Last edited by Johnny_Ludlow; 2nd October 2006 at 09:01 AM.

  6. #36

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    Default Re: Designer or Niche: A Reevaluation (very long post)

    Great post Scentemental, and I humbly agree with the facts and with a good portion of your conclusions. However, it seems to me that most of your reasoning posits as an assumption the following equation:
    more creative = better.
    Well, I think it depends on what is it that we seek in perfumes. That equation is true for those who seek originality, intellectual brilliance or artistic expression in perfumes, for those who have gone beyond the simple pursuit of perfumes and have become interested in understanding the perfumers behind them, the Beethovens or Van Goghs of this art, their personalities, how they influence each other and evolve over time,...
    There is, however, another approach to perfumes, one of simply sitting back and enjoying something that "smells good", and mostly something that reminds us of some natural, or otherwise real-life experience, like Prousts' Madeleines; some odours which we've known forever, and which we will forever like: pine-needles, wood, flowers,...: they may not be creative, but some of us don't care.
    Where am I heading to, and what has this got to do with designers vs. niche ?
    While I agree with you that there shouldn't be any taboo about synthetic ingredients in particular (as somebody pointed out in a previous thread, "we're all made of chemicals"), or about designer scents in general, what I do find is that designers rarely issue scents that mainly relate to something real, to something as mundane as an "ingredient".
    Take (just to name a controversial house...) Creed's Cypres Musc: maybe their cypress or their moss is as synthetic as designers' ingredients, maybe Mr Creed is super-arrogant, maybe this isn't a brilliantly intellectual composition and indeed it's been there for 60 years, but hey, it smells good and these two things go well together, and if I close my eyes I do see a mountain forest.
    Few designer scents are called simply "Sandalwood" or "Pine" or "Seringa". More importantly (it's not the name that counts) most designer scents want to deliver to you some "style" message in coherence with their brand (which was most of the times originally a clothing brand) rather than simply remind you of a real-life smell (or of an idealized version of real life). There are a few exceptions like Etro; Guerlain is no exception, as it used to be a niche house.
    Niche houses, by contrast, (with many exceptions though), are a bit more likely to come up with something that just tries to smell like a slightly exotic but still real root (vetiver), or even like a Vespa scooter's gasoline smoke. That, in a nutshell, is the (small) advantage some people (myself included) see in (certain) niche houses.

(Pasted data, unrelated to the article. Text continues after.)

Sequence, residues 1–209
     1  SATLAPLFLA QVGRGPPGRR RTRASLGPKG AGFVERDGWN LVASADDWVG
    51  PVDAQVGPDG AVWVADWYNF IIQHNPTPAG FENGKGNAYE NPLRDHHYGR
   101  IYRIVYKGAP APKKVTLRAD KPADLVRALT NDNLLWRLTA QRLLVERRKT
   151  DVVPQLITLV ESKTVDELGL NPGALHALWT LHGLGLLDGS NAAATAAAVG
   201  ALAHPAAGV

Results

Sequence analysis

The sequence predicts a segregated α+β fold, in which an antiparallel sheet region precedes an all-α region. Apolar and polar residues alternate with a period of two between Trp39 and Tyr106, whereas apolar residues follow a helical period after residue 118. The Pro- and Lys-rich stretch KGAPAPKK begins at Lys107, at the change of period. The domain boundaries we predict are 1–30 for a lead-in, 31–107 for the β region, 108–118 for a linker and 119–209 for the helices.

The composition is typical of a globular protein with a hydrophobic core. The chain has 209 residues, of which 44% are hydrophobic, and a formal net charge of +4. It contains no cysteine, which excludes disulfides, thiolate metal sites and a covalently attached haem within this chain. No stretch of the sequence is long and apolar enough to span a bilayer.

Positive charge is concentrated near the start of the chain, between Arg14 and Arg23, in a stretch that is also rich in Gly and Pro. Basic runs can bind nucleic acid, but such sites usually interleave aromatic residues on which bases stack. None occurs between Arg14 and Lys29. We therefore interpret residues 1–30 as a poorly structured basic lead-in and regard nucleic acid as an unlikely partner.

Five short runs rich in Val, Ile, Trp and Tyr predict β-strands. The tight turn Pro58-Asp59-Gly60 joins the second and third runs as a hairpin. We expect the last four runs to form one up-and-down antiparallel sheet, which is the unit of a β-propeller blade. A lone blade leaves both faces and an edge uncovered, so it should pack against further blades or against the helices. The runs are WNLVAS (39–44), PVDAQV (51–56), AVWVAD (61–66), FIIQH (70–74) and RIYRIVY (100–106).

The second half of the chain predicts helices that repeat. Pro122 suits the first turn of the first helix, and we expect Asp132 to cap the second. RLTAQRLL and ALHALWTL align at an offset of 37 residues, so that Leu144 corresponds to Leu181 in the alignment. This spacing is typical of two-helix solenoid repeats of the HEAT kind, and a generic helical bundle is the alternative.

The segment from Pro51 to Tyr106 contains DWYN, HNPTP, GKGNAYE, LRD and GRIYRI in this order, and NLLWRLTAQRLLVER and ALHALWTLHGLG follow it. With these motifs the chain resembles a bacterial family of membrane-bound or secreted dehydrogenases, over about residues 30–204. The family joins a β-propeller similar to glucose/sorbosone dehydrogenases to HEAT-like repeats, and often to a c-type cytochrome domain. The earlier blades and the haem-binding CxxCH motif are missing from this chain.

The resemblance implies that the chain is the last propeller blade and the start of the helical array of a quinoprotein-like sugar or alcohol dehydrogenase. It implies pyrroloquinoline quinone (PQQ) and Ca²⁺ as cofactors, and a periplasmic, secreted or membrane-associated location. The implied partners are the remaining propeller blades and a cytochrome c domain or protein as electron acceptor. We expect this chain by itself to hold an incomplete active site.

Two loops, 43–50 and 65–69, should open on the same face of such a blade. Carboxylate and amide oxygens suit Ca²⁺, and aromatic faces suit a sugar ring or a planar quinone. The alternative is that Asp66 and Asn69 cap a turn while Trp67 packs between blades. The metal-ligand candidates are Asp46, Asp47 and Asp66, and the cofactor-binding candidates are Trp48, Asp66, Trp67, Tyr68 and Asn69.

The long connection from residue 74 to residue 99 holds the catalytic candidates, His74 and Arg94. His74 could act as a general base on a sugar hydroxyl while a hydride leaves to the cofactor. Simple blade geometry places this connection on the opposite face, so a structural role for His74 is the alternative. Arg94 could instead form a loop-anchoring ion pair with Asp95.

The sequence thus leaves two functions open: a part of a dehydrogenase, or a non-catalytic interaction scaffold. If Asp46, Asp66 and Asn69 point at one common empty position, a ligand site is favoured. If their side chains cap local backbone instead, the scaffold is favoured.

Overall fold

7. #37

    Default Re: Designer or Niche: A Reevaluation (very long post)

    [Post deleted by moderator, as it was a flame provocation. Rule #8: "Flaming or personal attacks are not allowed or tolerated. Be respectful of others."

    This thread needs to stay on topic or it'll be locked.

    Questions or problems with this are off-topic and not for the thread either--send them to me by PM.]
    --Chris
    Last edited by DustB; 3rd October 2006 at 03:27 AM.
    Scents are fleeting . . . memories are not. . . .

  8. #38

    Default Re: Designer or Niche: A Reevaluation (very long post)

    [QUOTE=scentemental]This is a response to comments made in the "GIT: A Reevaluation and a Thanks" thread.
    If you take zztopp’s favorite nose, Olivier Creed, by Creed’s own admission of the modus operandi of his fragrance creation and his preference for natural ingredients, his fragrance creation is outside the larger movements and discoveries of twentieth and twenty first century aromachemistry and this is why if he continues on like he has, he will continue to produce limited combinations and rather simple (granted in some cases beautiful) effects that have appalling longevity unless they are loaded up with yet another variation of ambergris, vanilla and musk in the base.


    tell me you DID NOT just say that Creed put ambergris in their fragrance bases! LOL

  9. #39

    Default Re: Designer or Niche: A Reevaluation (very long post)

    I wonder why we don't get threads like this one anymore?

  10. #40

    Default Re: Designer or Niche: A Reevaluation (very long post)

    I've recently come to think that niche frags are about interesting smells, whereas the best designer stuff is fragrance art (or just a "perfume," though in the USA this is thought of as only for women). This is a general way of looking at things, of course.

  11. #41

    Default Re: Designer or Niche: A Reevaluation (very long post)

    Quote Originally Posted by scentemental View Post
    Why wasn’t the world’s self-professed greatest nose, Olivier Creed, chosen for the job. Because those in the know know that the real skill set is in the world of fragrance creation occurs in the technologically advance world of aromachemical creation found in designer fragrances.


    How does one know OC wasnt approached by Malles? speculation cant be use as a channel to malign anyone, i mean "anyone"

  12. #42
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    Default Re: Designer or Niche: A Reevaluation (very long post)

    Quote Originally Posted by afraafra View Post